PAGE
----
Changing Lives, in partnership with a range of specialist agencies and organisations, has led ground-breaking research on long-term homelessness in the UK. The research shows that the Housing First approach in tackling long-term homelessness in England, can potentially reduce the number of people who are homeless, whilst providing significant cost savings.
Carried out by one of Europe’s leading authorities on the sector, the Centre for Housing Policy, University of York, the study reviewed nine providers of the Housing First services from across the country.
- The research is based on 60 service users who are homeless and have complex needs and who on average have been homeless for fourteen years
- The bulk of service users, 78% were housed as at December 2014
- 59 service users had been successfully housed for one year or more by five of the Housing First services, equivalent to 74% of the current users of these five services
- Service users also noted improved physical and mental health with 43% of users reporting very bad or bad physical health a year before using Housing First. This figure fell to 28% when service users were asked about their current health
- 25% of service users reported monthly or more regular contact with family prior to Housing First and this increased to 50% after being in the Housing First programme
The Housing First model which helps people straight from living on the streets, or who are caught up in a cycle of hostels, sofa surfing, prison or hospital into their own permanent accommodation was developed in the United States has demonstrated high degrees of success in both housing and supporting those who are in a cycle of being chronically street homeless and who have multiple and complex needs.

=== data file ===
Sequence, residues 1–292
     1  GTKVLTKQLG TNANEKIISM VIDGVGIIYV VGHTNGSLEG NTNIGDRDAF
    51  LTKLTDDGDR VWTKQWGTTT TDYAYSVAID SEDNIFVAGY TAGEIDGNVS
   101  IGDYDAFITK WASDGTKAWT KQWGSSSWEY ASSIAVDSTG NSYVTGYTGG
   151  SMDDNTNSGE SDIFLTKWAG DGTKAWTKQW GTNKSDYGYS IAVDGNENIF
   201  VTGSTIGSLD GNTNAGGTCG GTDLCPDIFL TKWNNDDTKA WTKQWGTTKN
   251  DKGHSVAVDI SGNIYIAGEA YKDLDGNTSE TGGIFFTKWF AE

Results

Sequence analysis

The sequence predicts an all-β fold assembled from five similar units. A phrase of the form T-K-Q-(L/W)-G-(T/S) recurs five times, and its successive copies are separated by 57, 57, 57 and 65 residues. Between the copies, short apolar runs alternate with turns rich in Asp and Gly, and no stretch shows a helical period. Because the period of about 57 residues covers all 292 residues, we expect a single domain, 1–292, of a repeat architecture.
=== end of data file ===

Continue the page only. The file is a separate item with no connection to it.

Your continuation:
In the UK, the first Housing First pilot was set up in 2010 in Glasgow, followed by pilots in London and Newcastle in 2012 and based on the principle of housing being a basic human right and providing permanent accommodation for people straight from the street or those who have experienced repeated homelessness. The approach which is client-led does not require people to address their wider social care and support needs, either prior to or whilst in their long term accommodation though intensive support is given to meet the terms of their tenancy agreement.
There are high levels of successes demonstrated in the Housing First programme, specifically around reducing sustained homelessness of people with complex needs. The approach is based on the concept that a homeless individual’s primary need is to obtain stable housing, other issues are more easily addressed once this is in place and therefore a more positive contribution is made to society and local communities.
Stephen Bell, CEO of Changing Lives commented: “The research also showed there was a potential in the reduction of the use of the emergency medical services as well as the criminal justice system with possible savings on public expenditure at significant levels and in excess of £15,000 a year per person being supported.
“Housing First is not a panacea and shouldn’t replace existing homelessness services as there are other ways in which long-term homelessness can be reduced. However, Housing First is designed to end some forms of homelessness and the model, which is cost effective, could potentially influence homelessness service design through integration into current service systems.”
Housing First is designed to promote gains in health and well-being, both by creating a stable foundation on which someone can start to move away from the experience and effects of homelessness and through ensuring that support and care is available when requested.
Michael Parker, a Housing First service user from London commented: “I’m 43 now and I’ve never had my own place, so it’s a first for me and I like it. Hopefully I don’t mess up. I’ve got no intentions of getting in arrears.”
Stephen Bell went on to say: “Evidence from a wide range of countries shows that Housing First is a cost effective way of meeting the needs of people who experience chronic homelessness. The model has proven success in America, Canada, France, Denmark, Holland, Scotland and Portugal and this research paves the way for a European approach.
“Our conclusion is for commissioners to fund Housing First on a long term basis so that the small number of people for whom the mainstream homelessness system does not work, are not left to languish in a long term cycle of homelessness and chaotic lives,” he concluded.